A Wicked Lord at the Wedding by Jillian Hunter
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Book Title: A Wicked Lord at the Wedding
Author: Jillian Hunter
Publisher: Ballantyne Books
Publication Date: 2009
ISBN: 978-0-345-50394-7
Pages: Not available
Genre: Historical
Series: Boscastle Family Book 8
Available In: Print
CRR Heat Level: Sophisticated
Reviewer: Stephanie
Review Score: 4.5 Wings

Hunter crafts a tale full of suspense with A Wicked Lord at the Wedding. Baroness Eleanor Boscastle has spent three lonely years without her husband, Sebastien, while he works for British intelligence during the Napoleonic wars.

To occupy her time, she’s befriended the Duchess of Wellington. The duchess’s husband has supposedly sent several sensitive letters to a few of London’s high society, and Eleanor adopts the identity of the Mayfair Masquer to get the letters back to the duchess.

Enter Sebastien. After three years apart from his wife, on military duty, Sebastien returns home, hoping to rekindle the flame of their love. His wife’s activities as the Mayfair Masquer surprises him. Realizing the danger, Sebastien joins his wife on her dangerous nocturnal jaunts. As he delves deeper into her activities, he learns there’s a plot to harm the Duke of Wellington’s family. Sebastien knows he must expose the plot, but fears he might put Eleanor in danger. He’s caught between his duty and his love for his wife. Which one will win out in the end?

Hunter weaves a tight, suspenseful plot that will intrigue the reader. Both Sebastien and Eleanor are interesting characters, scarred by trouble childhoods. Eleanor’s father was a surgeon in the war and she grew up working alongside him. Eleanor’s not afraid to take risks. Sebastien’s father died when he was ten, leaving him to fight and scrape for a living until he was old enough to join the military.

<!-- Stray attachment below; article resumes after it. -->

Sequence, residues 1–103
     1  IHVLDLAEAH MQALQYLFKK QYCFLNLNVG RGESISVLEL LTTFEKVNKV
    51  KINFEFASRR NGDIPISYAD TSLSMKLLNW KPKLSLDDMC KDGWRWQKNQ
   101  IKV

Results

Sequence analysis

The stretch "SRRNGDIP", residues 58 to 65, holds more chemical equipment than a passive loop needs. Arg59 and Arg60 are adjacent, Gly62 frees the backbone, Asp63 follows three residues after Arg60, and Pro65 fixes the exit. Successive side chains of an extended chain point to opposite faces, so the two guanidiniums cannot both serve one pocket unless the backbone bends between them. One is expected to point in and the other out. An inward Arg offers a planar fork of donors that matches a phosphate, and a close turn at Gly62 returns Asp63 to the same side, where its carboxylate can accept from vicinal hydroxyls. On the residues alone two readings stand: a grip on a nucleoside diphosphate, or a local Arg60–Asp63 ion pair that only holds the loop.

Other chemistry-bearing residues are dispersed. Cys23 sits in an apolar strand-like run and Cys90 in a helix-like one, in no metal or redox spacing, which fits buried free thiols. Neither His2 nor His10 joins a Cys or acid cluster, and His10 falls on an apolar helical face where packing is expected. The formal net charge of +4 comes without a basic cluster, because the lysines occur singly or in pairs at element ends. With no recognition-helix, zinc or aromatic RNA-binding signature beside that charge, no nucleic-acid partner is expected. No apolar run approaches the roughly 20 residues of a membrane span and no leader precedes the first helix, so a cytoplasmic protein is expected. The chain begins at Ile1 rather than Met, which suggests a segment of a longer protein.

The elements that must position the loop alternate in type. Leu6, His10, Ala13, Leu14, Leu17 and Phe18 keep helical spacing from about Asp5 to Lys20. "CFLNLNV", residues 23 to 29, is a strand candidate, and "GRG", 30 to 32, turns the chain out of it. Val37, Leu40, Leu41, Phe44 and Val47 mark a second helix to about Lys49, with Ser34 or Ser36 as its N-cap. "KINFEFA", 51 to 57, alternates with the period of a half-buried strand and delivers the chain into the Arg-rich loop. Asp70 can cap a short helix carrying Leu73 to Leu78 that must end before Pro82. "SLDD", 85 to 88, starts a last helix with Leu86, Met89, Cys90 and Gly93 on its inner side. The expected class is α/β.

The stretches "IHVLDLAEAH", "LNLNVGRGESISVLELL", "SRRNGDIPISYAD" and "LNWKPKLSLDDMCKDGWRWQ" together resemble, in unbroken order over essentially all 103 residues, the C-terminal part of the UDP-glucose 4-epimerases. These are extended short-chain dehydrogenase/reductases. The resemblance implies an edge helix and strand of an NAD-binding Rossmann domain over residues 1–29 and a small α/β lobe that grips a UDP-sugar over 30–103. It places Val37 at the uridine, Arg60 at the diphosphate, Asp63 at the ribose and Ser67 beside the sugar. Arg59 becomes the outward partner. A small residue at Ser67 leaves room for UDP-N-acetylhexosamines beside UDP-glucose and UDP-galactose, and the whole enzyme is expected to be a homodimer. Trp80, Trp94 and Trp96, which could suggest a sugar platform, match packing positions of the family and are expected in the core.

Sebastien and Eleanor fall in love during the war. They get married, but Sebastien has been emotionally scarred by a recent battle, and makes an ass out of himself at his wedding, hence the title of the book. He goes back to the battle front, regretting his behavior.

Sebastien and Eleanor have to fight with the fiercest passion they possess to keep their love alive while separated. Their love, loss, and separation is something modern readers can identify with, especially with the recent wars. Hunter writes in the third person. The point of view narration switches within the scene without line breaks. Known as a “Lonesome Dove” perspective after the famous novel, some readers might find the shifts disconcerting. The dialogue is sharp, moving the plot along at a brisk pace. Hunter’s love scenes are tasteful and full of passion. Overall, A Wicked Lord at the Wedding is a wicked delight to read.


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